Companies, business owners, business people and working individuals receive tons of messages daily. In order to have your message prioritized or get it to be opened first, convey your email itself in the subject line. Get it straight. For instance, if your photoshoot needs to be rescheduled, type in “Photoshoot cancelled – new schedule” and then state the other details in the body of the message.
3. Writing long emails:
You’re just composing an email, not writing a novel. If it’s possible to deliver your message in a short, simple and concise manner, do so. Remember, if you yourself receive a handful of emails, your recipient do as well. People have short attention span and if your email is too long and more so unimportant, don’t be surprised when you don’t get an email back.
Use a clear format and a pleasing typeface that isn’t distracting. Make your email an easy and quick-read — straight to the point. They’re not really that interested with how your weekend went, unless they asked. If it’s more practical and logical to use bullet points then go ahead as long as it points out all the significant information needed. Remember: KISS — Keep. It. Short and Simple.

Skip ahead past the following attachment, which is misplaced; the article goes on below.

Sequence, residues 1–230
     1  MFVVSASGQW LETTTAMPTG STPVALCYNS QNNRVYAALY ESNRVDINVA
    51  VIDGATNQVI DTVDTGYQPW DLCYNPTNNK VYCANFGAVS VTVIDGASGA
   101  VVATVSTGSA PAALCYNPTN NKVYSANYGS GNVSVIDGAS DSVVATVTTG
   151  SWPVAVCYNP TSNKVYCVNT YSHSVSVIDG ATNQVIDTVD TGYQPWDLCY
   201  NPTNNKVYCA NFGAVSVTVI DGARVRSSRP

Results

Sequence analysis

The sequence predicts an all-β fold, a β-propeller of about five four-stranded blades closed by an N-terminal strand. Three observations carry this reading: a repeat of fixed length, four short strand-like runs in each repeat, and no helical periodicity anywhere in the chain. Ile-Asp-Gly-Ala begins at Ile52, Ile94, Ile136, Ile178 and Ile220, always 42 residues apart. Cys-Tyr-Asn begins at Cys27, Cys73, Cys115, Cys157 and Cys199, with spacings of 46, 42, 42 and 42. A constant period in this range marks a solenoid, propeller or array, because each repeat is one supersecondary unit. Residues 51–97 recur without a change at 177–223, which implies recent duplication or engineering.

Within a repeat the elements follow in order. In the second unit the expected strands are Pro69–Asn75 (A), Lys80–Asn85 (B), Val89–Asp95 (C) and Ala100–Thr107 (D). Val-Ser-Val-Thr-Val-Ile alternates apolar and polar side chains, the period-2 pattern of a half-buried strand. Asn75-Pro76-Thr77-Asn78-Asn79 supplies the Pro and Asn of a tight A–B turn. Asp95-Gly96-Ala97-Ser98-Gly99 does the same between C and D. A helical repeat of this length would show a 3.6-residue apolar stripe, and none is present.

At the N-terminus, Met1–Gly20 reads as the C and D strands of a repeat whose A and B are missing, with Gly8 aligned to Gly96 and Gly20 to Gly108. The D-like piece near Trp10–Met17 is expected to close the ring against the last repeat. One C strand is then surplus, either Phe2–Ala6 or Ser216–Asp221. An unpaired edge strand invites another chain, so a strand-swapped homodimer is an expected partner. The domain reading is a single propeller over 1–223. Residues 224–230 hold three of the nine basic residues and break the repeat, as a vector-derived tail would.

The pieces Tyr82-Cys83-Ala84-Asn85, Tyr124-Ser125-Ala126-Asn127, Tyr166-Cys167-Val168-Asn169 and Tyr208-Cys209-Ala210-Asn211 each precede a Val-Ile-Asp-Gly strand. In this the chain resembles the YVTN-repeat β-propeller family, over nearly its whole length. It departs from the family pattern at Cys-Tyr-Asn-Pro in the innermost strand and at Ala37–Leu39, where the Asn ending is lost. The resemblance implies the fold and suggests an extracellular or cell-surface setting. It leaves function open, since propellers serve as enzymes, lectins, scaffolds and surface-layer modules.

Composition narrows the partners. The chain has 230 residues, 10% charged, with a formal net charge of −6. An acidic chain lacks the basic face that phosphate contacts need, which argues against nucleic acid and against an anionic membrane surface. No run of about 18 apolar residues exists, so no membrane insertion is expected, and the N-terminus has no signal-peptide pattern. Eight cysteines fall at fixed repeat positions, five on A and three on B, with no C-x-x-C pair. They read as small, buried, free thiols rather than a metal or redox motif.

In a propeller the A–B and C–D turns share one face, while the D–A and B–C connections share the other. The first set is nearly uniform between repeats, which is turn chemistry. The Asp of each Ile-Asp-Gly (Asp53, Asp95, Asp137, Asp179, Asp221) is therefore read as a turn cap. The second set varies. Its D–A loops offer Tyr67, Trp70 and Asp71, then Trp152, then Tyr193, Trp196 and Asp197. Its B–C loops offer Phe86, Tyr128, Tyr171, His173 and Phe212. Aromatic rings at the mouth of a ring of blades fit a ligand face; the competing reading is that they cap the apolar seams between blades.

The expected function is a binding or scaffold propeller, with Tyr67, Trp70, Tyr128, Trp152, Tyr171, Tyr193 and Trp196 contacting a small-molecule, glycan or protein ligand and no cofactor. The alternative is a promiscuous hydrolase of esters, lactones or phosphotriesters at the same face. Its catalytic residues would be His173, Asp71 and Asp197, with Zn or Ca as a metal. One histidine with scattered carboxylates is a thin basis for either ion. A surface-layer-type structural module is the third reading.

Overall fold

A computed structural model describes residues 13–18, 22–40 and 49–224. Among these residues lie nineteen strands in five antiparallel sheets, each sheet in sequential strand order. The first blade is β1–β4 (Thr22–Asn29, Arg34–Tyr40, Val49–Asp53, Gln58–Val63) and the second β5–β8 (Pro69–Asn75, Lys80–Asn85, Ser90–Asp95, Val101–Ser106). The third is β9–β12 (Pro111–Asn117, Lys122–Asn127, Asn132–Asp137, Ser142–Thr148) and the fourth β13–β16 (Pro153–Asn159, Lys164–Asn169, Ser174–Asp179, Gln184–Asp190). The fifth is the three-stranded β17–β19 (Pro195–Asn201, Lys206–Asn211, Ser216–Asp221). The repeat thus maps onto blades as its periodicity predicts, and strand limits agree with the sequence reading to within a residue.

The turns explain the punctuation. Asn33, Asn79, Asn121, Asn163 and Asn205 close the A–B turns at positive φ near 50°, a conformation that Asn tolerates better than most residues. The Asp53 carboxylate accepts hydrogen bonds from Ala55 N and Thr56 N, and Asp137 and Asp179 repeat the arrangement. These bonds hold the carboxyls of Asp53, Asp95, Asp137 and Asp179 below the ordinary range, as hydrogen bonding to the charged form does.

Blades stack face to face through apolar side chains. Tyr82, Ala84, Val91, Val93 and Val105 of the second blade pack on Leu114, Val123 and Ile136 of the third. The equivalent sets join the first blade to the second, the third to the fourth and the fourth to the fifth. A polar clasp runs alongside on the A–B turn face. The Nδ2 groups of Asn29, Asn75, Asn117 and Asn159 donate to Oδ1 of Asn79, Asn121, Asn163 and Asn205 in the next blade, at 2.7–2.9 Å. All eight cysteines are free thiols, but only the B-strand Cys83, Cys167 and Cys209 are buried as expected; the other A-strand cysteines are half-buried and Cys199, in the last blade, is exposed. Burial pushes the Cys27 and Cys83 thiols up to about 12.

4. Writing with insufficient information:
Sure you compressed your initial five-paragraph message into one paragraph but does it contain all the vital information? If you can simplify your message, manage to include the most important parts and do not leave out critical points.
If you’re announcing an event or meeting, determine; What (the event), Where (the venue of the event), When (time and date of event), For Whom (the target audience or target department)/Who (who will be conducting the meeting or who will be the speaker) Why (what’s it about; provide an idea what it’s for).
Don’t reply with a vague “Yes/No” to someone, elaborate it. Your recipient isn’t a mind-reader so accomodate as much content that your recipient doesn’t have to scroll back to your previous conversation and/or confirm anything that’s already been discussed beforehand. Two words: Be concise.